Document Object Model (DOM) is an interface through which Javascript code can interact with the HTML document. It's a tree structure that follows the HTML's hierarchy, and each HTML tag has its own node. Through DOM manipulation, Javascript code can insert new HTML into anywhere, modify its contents or remove it. Any modifications to the DOM are updated into the web page in real time. Do note that since this is a rendering operation, it's very likely one of the most costly operations your code can do. Therefore changing the entire contents of an element at once is better than changing it e.g. one line at a time.
Database schema is the "blueprint" of the database. It defines what tables are contained in the database, and what columns are in each table, and what additional attributes they have. A database's schema can be dumped into an SQL file, and a database can also be created from a schema file. When using object relational mapping (ORM), the schema is constructed from model classes.
In HTML element refers to a single tag - most of the time including a closing tag and everything in between. The element's properties are defined by the tag, and any of the properties can be used to select that element from the document object model (DOM). Elements can contain other elements, which forms the HTML document's hierarchy.
For APIs entry point is the "landing page" of the API. It's typically in the API root of the URL hierarchy and contains logical first steps for a client to take when interacting with the API. This means it typically has one or more hypermedia controls which usually point to relevant collections in the API or search functions.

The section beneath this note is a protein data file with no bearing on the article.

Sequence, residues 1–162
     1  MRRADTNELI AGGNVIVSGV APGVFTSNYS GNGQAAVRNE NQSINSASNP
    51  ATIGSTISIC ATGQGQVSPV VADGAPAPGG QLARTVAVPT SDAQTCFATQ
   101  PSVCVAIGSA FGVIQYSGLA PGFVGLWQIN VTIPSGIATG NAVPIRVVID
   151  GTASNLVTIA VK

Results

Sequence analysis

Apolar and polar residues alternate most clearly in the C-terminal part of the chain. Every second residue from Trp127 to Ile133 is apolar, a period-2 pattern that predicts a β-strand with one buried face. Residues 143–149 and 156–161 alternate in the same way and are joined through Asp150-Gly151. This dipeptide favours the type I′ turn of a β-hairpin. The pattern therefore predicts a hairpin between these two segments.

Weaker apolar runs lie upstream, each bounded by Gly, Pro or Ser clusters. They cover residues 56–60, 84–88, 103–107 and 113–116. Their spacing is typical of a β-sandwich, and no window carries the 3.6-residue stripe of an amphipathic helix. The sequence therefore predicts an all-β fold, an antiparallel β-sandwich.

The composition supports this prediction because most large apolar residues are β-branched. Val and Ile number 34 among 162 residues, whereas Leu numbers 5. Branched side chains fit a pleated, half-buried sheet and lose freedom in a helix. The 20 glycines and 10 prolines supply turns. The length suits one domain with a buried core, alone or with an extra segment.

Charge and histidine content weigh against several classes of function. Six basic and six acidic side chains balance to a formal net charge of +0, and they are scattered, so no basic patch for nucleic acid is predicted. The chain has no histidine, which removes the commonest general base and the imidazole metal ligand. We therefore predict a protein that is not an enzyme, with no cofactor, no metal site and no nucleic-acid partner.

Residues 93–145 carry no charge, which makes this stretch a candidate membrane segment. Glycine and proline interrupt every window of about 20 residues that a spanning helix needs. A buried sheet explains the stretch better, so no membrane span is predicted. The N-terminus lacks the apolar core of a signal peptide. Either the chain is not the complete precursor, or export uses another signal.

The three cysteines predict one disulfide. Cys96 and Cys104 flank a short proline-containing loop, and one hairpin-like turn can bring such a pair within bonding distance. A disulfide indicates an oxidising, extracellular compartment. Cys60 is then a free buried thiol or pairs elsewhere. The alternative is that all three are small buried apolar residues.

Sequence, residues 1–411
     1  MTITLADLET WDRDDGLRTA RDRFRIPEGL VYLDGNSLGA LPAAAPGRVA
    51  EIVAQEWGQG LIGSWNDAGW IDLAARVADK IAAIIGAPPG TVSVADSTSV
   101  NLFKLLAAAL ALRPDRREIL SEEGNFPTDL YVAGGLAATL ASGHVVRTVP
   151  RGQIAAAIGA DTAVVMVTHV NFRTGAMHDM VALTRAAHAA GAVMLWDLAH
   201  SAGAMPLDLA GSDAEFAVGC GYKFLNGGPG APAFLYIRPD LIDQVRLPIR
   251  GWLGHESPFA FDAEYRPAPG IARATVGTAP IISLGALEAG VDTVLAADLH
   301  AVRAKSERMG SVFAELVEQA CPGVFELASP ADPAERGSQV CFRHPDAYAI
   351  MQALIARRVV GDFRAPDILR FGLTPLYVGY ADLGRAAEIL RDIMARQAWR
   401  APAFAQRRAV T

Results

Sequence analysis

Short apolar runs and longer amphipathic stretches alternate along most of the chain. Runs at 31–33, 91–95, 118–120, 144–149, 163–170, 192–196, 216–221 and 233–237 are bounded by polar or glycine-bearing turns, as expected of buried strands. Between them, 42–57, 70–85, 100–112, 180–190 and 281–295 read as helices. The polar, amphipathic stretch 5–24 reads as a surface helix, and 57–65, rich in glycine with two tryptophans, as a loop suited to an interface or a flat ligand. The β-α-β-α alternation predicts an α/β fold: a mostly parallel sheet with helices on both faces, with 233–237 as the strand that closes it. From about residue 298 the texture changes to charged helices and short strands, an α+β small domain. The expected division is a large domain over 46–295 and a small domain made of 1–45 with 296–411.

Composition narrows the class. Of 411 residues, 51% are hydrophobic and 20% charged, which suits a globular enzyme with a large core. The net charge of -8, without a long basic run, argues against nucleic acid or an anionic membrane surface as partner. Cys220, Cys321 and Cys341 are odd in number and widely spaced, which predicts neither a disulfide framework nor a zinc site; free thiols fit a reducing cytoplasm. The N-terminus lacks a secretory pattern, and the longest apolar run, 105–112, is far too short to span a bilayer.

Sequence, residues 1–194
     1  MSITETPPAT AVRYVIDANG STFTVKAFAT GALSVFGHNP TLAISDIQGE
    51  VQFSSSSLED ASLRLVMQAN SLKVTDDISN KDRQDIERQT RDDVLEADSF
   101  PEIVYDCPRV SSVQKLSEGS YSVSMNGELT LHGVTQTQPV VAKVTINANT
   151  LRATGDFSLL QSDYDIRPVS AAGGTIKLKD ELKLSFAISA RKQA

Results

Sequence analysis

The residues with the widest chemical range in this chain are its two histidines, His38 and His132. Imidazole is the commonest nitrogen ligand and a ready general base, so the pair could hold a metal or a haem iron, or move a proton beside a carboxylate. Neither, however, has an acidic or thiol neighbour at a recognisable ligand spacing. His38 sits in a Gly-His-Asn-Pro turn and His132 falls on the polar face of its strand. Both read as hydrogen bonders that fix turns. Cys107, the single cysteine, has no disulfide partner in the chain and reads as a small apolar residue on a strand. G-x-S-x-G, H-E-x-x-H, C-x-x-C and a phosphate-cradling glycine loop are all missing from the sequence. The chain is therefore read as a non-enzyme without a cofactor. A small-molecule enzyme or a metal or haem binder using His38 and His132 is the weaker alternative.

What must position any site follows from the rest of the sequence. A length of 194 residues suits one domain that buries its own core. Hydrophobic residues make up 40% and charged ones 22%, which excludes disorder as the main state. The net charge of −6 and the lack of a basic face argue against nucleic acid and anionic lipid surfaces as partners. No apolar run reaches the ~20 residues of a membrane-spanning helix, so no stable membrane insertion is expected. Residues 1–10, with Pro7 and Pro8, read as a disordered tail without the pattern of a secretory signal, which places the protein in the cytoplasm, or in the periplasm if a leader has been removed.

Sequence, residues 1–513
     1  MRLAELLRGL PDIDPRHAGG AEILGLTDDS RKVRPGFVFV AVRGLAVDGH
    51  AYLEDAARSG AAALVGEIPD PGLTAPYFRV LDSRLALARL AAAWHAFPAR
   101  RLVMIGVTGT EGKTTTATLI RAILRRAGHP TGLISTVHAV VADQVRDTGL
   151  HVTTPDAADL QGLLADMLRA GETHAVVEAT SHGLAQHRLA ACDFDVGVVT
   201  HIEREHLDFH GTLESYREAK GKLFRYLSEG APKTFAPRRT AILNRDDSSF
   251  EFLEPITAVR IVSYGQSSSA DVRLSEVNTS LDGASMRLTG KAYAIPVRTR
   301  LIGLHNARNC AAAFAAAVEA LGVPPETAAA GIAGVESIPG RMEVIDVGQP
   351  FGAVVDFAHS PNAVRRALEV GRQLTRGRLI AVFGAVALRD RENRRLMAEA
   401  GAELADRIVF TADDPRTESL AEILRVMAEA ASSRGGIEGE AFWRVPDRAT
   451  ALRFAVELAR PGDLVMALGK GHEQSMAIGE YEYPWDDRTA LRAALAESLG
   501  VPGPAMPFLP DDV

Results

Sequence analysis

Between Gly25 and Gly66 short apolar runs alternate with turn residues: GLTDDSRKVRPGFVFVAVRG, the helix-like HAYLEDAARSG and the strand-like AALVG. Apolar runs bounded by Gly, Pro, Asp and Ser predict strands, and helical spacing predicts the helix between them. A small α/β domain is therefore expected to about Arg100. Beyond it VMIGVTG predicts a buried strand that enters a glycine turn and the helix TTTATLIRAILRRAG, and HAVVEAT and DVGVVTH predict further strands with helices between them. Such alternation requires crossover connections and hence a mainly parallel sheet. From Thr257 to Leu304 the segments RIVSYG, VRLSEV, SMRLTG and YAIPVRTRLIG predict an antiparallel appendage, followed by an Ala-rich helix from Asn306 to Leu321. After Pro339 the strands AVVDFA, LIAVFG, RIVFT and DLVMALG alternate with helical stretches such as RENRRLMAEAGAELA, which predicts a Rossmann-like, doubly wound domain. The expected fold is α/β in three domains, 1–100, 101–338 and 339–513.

In software testing, a fixture is a component that satisfies the preconditions required by tests. In web application testing the most common role for fixtures is to initialize the database into a state that makes testing possible. This generally involves creating a fresh database, and possibly populating it with some data. In this course fixtures are implemented using pytest's fixture architecture.
  1. Description
  2. Creating DB
  3. Starting the App
This term contains basic instructions about setting up and running Flask applications. See the term tabs "Creating DB" and "Starting the App". For all instructions to work you need to be in the folder that contains your app.
In database terminology, foreign key means a column that has its value range determined by the values of a column in another table. They are used to create relationships between tables. The foreign key column in the target table must be unique.
For most hypermedia types, there exists a generic client. This is a client program that constructs a navigatable user interface based on hypermedia controls in the API, and can usually also generate data input forms. The ability to use such clients for testing and prototyping is one of the big advantages of hypermedia.
HTTP method is the "type" of an HTTP request, indicating what kind of an action the sender is intending to do. In web applications by far the most common method is GET which is used for retrieving data (i.e. HTML pages) from the server. The other method used in web applications is POST, used in submitting forms. However, in REST API use cases, PUT and DELETE methods are also commonly used to modify and delete data.